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Article << Previous     |     Next >>   Contents Vol 101(1)

Aspects of the ecology and behaviour of White-winged Fairy-wrens on Barrow Island

Stephen Pruett-Jones and Keith A. Tarvin

Emu 101(1) 73 - 78
Published: 2001


We studied White-winged Fairy-wrens (Malurus leucopterus edouardi) on Barrow Island (20˚43′S, 115˚28′E) during September and October 1998. Birds were most abundant (occurring every 1–2 ha of habitat) on ridges in upland areas where Triodia wiseana was the dominant vegetation and was interspersed with open areas. They were less abundant in foredune areas and on red dunes, and were rare in other habitats. Males were significantly larger than females in most morphological measurements. Reproductive males (those with enlarged cloacal protuberances) had significantly shorter tails than non-reproductive males (individuals without cloacal protuberances). Group size averaged 2.4 individuals (n = 9; range 2–3) with six of nine groups consisting of just one male and one female. In one of nine groups, the only male present was a completely brown male. Sex ratio of adults in these nine groups was 0.83 (males/females). The display vocalisation was nearly identical in structure to that of birds on the mainland. Three nests were each approximately 0.5 m high in a shrub adjacent to a Triodia angusta plant. In most aspects of their behaviour and ecology, White-winged Fairy-wrens on Barrow Island appear to be almost identical to birds on the mainland.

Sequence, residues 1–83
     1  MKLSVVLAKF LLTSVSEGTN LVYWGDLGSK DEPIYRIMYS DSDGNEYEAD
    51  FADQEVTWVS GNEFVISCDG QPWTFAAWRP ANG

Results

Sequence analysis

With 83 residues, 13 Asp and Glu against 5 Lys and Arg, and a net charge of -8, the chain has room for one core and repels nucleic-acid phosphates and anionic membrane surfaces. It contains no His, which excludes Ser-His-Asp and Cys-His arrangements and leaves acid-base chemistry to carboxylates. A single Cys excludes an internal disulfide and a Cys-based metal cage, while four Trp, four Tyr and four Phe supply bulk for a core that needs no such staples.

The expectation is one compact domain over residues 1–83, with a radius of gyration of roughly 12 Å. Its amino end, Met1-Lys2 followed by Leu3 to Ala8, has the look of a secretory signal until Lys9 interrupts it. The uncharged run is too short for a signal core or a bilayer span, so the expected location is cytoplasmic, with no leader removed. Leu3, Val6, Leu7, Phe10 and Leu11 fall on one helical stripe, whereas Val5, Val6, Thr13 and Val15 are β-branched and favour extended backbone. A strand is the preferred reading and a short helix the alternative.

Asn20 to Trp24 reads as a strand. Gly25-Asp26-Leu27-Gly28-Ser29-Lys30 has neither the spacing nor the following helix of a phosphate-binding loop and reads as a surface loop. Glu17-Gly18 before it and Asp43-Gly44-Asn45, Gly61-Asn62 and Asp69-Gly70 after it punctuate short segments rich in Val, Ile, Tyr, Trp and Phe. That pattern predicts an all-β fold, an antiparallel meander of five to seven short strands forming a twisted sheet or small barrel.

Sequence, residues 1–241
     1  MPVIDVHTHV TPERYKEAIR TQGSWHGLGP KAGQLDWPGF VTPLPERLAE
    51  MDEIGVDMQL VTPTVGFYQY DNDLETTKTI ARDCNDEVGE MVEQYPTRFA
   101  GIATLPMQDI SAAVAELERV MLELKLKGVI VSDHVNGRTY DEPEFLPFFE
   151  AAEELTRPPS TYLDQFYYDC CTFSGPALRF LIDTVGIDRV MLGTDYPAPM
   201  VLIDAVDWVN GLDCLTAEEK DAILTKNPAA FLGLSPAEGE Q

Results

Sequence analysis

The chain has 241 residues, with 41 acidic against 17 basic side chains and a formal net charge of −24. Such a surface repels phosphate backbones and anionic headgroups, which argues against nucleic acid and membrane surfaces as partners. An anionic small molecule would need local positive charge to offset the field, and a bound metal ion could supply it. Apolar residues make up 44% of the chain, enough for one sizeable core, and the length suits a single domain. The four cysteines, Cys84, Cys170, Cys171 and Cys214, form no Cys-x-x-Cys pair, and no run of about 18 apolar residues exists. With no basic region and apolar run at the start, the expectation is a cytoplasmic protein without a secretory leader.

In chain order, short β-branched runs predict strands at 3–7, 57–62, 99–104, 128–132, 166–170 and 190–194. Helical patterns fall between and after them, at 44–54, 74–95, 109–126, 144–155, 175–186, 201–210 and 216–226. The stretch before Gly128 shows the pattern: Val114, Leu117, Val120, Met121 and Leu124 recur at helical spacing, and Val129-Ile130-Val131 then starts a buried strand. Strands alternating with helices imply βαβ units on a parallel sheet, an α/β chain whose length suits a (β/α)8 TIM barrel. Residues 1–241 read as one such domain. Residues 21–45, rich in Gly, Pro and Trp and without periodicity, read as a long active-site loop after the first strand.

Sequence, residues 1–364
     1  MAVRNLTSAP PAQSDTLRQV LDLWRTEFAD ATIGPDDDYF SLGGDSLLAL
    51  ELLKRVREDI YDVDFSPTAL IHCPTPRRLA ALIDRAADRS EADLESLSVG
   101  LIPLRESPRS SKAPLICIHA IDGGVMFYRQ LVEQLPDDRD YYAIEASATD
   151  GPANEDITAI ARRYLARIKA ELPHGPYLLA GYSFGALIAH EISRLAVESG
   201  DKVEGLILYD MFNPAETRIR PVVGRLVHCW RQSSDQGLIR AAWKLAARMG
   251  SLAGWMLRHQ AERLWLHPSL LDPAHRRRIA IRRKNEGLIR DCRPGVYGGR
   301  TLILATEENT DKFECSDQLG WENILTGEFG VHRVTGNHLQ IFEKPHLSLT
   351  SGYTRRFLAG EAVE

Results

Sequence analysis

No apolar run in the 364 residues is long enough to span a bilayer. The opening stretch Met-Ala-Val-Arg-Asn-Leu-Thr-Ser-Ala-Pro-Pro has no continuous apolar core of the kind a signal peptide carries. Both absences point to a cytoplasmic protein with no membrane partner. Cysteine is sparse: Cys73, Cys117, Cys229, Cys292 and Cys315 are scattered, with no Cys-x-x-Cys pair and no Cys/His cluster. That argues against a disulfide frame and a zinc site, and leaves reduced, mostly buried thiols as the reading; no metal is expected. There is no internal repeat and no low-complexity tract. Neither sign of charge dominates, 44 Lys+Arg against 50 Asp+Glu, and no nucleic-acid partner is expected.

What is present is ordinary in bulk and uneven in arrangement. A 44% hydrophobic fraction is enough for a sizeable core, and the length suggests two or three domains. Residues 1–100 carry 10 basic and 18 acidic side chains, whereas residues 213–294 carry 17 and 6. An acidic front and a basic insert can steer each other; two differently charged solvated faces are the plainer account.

Full text doi:10.1071/MU00021

© Royal Australian Ornithologists Union 2001

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